If life had gone according to plan, this review would have coincided with the February 14 release date of Arthur Fowler’s latest album. But it didn’t, so as I was being snowed in earlier this week I finally took an initial listen to the Tokyo-based and Milwaukee-born singer and songwriter whose style is described as “acid folk.”
Admittedly, his album’s been out over a year now, but like another CD I recently reviewed by Dave Plaehn, Fowler’s “What’s Keeping Me Going” has been a long time in the making as Fowler has a career outside music. As I said in reviewing Plaehn’s work, though, artistry delayed is not artistry denied and Fowler plays regularly around the Tokyo area with occasional gigs back in his home region in the States.
Yet rather than folk music, I detected more of a jazz influence on this release; in fact it’s one of the more variable collections I’ve heard in awhile. After all, how many artists these days place two full-length instrumentals on their playlists? Fowler takes the middle and final tracks of his 11-song release and puts up the well-played and improvisational jazzy instrumentals Twilight Breeze and On The Verge.
The album starts out, though, with a mellow acoustic title track which invokes a natural setting before breaking out the harmonica and harmonies on the most accessible track, Please Try. Its lyrical stylings should make this a live favorite, as should the next song called Love The Music. I was impressed with its simplicity and the idea of the enjoyment of playing all night is well-expressed in the song.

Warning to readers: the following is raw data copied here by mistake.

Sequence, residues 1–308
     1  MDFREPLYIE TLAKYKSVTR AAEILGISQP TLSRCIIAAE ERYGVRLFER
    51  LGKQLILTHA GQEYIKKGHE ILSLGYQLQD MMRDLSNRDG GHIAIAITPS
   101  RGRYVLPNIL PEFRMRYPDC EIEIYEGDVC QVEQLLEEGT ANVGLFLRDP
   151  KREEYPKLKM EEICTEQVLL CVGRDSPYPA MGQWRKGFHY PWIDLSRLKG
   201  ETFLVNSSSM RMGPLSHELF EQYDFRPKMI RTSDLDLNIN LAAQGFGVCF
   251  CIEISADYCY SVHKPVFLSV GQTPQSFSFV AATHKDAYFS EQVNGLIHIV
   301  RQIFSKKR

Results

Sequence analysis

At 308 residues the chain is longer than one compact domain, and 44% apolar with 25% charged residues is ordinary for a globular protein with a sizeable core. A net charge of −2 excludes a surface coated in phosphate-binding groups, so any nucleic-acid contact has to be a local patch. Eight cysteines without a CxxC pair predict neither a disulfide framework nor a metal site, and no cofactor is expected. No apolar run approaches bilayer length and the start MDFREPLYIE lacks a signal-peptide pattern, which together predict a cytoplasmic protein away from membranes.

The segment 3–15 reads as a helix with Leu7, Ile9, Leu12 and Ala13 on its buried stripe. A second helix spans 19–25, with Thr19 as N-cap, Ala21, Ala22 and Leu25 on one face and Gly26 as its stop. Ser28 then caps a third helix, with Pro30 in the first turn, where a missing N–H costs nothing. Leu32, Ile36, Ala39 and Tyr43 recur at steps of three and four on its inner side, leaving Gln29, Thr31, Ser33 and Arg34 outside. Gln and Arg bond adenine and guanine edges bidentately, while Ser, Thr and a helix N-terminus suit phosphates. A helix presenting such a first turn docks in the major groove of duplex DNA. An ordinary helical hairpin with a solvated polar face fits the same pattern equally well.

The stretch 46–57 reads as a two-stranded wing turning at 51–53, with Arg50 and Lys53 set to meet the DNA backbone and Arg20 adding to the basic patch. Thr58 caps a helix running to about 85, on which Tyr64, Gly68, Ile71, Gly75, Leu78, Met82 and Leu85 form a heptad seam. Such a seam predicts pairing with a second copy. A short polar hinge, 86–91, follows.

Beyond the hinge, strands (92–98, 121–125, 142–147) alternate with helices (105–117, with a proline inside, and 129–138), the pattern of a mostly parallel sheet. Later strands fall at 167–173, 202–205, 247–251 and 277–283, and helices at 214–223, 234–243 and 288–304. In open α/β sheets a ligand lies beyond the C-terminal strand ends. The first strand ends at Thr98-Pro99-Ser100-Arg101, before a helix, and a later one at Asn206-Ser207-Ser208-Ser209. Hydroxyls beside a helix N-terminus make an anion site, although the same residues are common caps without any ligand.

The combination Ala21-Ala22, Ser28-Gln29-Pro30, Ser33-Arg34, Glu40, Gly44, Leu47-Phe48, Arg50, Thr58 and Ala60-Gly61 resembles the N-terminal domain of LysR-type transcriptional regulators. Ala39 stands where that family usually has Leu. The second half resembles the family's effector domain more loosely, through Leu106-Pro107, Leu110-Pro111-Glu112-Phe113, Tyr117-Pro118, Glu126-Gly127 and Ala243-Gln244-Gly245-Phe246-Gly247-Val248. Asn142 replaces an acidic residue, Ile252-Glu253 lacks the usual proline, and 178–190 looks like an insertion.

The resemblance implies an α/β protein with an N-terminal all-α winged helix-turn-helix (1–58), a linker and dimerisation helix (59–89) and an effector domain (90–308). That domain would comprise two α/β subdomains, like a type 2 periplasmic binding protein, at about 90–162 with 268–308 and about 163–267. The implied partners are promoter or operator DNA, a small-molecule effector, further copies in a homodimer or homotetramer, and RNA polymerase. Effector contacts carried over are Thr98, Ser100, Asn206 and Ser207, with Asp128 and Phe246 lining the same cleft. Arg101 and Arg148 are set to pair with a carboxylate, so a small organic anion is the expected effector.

These three opening songs have already exhibited a good range of influences, but Fowler’s not done yet. He puts his stamp on the psychedelic Jimi Hendrix song Room Full Of Mirrors by adding accordion to the repertoire. Obviously Fowler fits the song to his own style, but the touch of accordion makes it a unique version. On the other hand, the version of Neil Young’s For The Turnstiles that comes later is a little more true to the original.
Yet the selection of these more or less forgotten covers (as opposed to the hits by both men) tells me that Fowler likes a good song regardless of the public perception and acceptance of it upon original release.
Once we get through the solid classical-style guitar-based ballad of HU and the aforementioned Twilight Breeze, you come to a track called The New York Song that almost sounds like a continuation of Twilight Breeze until it livens up and adds in the element of call-and-response. But I had to look in the first few seconds of The New York Song to make sure I didn’t inadvertently repeat the previous song.
Perhaps the best song on the album is one buried toward the back end. I enjoyed the more upbeat Here I Am, which led into the Neil Young cover. It also brings me to the unique and slow-developing penultimate song called Splash, which at times seemed to me like it belonged in a spaghetti western. There was just something about it that evoked that thought in me.
I generally close my reviews by encouraging readers to listen for themselves; after all, each one has different tastes and what I like may not tickle your fancy. In this case, though, I was given access to a private playlist – but you can listen to five of the tracks on Fowler’s public Soundcloud page. These hit a lot of the highlights so if you think the quintet is worthy you’ll probably like the whole enchilada.